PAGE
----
As a bit of background, Heidi is going to spend a few months in France. She used to go regularly as a child with her French mother but she hasn't been for many years. Two years ago, her husband died and she is taking a very long time to be able to get back into what other people consider to be a normal life.
The Julien referred to in the passage below was the boy who lived next door to their house in France.
We stepped out of the car and into the small patisseries-boulangerie, a stone building with a green awning, which sat at the end of a row of houses with their big wooden shutters. A bell on the door alerted the baker, who was a lean man in his mid-sixties. He stood behind the domed display cases, wearing a crisp white shirt and a fine chain with a delicate silver medal, plain and circular, with an inscription too small to read. He spread his broad hand on the counter and leaned on it, bantering with Julien, the medal glinting now and then.
I gazed at the glass-encased flans topped with berries, the croissants spotted with chocolate, the miniature glazed cakes."We came here as kids," I said. I remembered Veronique and my mother bickering over who would pay for what."Yes," Julien said, "we had your birthday party."Once - it was that last visit, when I was thirteen - we'd arrived in France early enough in June to hit my birthday and had a small party. This was where we'd bought the goodies for it. I remembered thinking I was too old for a party with little cakes.But still, I remembered this shop exactly. And now I knew what all of the cakes were. I knew some of them quite intimately. Suddenly I wanted to hear the words in French. I pointed at one of the beautiful, exquisitely detailed desserts,. "Qu'est-ce quec'est?" I asked. What is it?"Americaine?" the baker asked."Oui," I said.The baker grew serious then. He looked at me and then at Julien. He seemed to want to ask a question - something about Daryl Hannah? - but he didn't. Instead he described the framboise, a raspberry mousse with pistachios and two layers of genoise soaked in a raspberry syrup.I pointed to the next and asked again.He described, patiently and reverently, the tarte citron, a lemon curd in a sugar pie crust.I repeated the words in a quiet voice, almost mouthed them. I loved the feel of the words themselves: framboise, mousse, pistaches, citron, coco....I remembered working in the kitchen with my mother, after her lost summer when she'd come home, her hands dusted in confectioners' sugar as she rolled out fondant, whipped cream, separated yolks with the delicate back-and-forth between cracked shells. My mother worked frenetically until I dipped around her elbows. Elysius disappeared with her friends, but I stayed with my mother in the steamy kitchen as much as possible, dizzy from the scents of the cocoa, caramelized sugar, and cakes, all of it billowing around the kitchen in gusts.There was a bakery not far from the house I grew up in, the white cardboard cake boxes tied with string, curved, clear display cases, and little glass figurines that you could buy to put on top of a birthday cake, women in white uniforms who took our orders and wrote our names on the cakes in swirling letters right in front of us. And eventually, when my mother's obsession with baking came to its end, we went there only for birthday and graduation cakes. But I always had the desire - so strong and fixed on each beautiful cake, my hand pressed to the chilled glass - to be back in the kitchen with my mother, to witness what must have been part of some kind of healing process, to witness a woman who'd come home, yes, but who was then returning slowly to herself.I wasn't sure what had come over me here in this little French bakery. I felt light-headed and hungry - but in a way I hadn't felt in a very long time - a hunger as restless as my guilt. I nodded along with the baker and found myself saying, "Une of those. Trois of those. Deux of those. Non, non, quatre."The baker kept glancing at Julien as if asking if I really had permission, if I was sane. Julien kept nodding. Yes, yes, do as she says.I felt absurd driving home. With the backseat filled with bags from the Monoprix, I had to stack the boxes of pastries on my lap. They were so high, they blocked my vision. I wedged loaves of bread between the door and the passenger's seat. "It's part of our French education," I said."No need for a rationale," Julien said. "But that was...""What?" I said. "It's just my contribution.""Exactly," he said. "I understand. But that was...""Joyful," I said. "It was joyful. I'm working on joy, right? That's what people are supposed to do, according to you, when they're miserable.""It was..""What," I said. "What was it?""Erotic.""I raised my eyebrows. "Don't be so French about it," I said, smiling a little."I'm not being French. That was the international language. It was erotic."I sighed. "I was overcome.""Yes," he said. "That's what it was. It's a start.""A start of what? Am I living a little?""Yes," he said, "just a little, but a start."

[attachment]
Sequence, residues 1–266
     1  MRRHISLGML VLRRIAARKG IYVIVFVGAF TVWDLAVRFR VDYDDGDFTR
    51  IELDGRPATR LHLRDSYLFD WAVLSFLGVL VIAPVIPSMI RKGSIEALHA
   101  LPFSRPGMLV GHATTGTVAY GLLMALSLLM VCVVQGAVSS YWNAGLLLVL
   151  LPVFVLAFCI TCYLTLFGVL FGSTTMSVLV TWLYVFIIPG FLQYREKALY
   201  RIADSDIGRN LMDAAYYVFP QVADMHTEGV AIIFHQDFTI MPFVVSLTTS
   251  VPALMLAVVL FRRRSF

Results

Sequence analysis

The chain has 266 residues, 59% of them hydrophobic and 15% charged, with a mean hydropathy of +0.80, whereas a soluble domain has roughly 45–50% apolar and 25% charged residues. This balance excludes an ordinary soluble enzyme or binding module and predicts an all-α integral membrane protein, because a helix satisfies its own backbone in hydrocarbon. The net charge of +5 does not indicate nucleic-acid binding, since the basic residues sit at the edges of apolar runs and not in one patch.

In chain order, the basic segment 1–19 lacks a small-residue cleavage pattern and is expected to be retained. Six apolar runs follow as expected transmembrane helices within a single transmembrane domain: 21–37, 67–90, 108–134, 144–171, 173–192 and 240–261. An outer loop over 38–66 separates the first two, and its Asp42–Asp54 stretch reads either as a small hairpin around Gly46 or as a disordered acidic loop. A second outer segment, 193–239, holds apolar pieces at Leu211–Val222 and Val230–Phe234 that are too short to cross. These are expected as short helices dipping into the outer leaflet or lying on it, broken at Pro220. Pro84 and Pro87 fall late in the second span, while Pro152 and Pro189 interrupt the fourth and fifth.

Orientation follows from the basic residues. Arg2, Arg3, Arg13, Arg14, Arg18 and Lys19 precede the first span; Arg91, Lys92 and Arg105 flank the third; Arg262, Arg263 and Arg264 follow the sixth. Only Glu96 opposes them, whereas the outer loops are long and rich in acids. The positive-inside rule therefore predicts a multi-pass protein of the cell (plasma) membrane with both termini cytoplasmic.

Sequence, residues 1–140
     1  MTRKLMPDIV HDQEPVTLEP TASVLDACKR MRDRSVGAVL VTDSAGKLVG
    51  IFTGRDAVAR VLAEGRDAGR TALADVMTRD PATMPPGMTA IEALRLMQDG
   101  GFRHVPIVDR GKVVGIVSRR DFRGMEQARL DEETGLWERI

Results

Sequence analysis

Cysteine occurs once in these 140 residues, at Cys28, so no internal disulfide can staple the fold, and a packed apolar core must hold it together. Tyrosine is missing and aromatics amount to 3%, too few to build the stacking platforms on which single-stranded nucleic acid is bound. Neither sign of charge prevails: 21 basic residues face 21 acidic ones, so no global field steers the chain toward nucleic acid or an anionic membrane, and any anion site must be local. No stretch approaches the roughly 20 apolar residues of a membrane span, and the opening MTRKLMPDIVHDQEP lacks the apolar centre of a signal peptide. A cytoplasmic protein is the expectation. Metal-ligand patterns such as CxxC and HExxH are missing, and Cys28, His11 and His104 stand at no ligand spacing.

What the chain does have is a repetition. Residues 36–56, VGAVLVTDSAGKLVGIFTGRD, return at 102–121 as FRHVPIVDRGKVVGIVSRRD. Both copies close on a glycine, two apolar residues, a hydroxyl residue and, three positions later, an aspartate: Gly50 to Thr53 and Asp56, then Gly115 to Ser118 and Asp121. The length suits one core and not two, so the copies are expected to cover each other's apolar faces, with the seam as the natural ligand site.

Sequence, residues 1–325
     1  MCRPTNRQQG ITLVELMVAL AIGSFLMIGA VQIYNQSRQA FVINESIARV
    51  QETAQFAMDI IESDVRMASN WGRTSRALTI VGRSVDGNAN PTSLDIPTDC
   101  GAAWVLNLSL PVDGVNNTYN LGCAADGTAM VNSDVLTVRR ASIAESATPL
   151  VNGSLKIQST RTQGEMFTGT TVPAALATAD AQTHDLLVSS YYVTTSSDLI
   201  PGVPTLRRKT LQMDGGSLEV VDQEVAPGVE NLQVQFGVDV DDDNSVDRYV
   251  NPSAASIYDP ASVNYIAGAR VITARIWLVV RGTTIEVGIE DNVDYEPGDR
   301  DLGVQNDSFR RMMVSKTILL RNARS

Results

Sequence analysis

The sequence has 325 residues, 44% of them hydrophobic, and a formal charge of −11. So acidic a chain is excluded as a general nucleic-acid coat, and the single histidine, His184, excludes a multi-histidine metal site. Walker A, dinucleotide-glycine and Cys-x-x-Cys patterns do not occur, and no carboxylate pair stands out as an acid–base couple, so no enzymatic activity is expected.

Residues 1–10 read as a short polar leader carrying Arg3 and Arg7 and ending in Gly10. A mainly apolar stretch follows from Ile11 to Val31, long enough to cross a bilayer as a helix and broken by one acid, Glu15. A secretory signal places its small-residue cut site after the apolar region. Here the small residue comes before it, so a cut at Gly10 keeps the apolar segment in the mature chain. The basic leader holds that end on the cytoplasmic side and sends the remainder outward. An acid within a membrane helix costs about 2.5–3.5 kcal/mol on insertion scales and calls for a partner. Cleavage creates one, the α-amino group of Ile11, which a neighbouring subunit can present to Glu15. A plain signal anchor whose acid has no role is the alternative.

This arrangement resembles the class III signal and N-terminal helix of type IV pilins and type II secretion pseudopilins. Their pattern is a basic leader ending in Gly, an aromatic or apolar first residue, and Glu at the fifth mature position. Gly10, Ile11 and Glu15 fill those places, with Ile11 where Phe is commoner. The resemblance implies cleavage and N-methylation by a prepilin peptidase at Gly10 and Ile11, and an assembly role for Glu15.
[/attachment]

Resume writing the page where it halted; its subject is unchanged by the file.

Paris in July is hosted by Tamara at Thyme for Tea and Karen at Bookbath.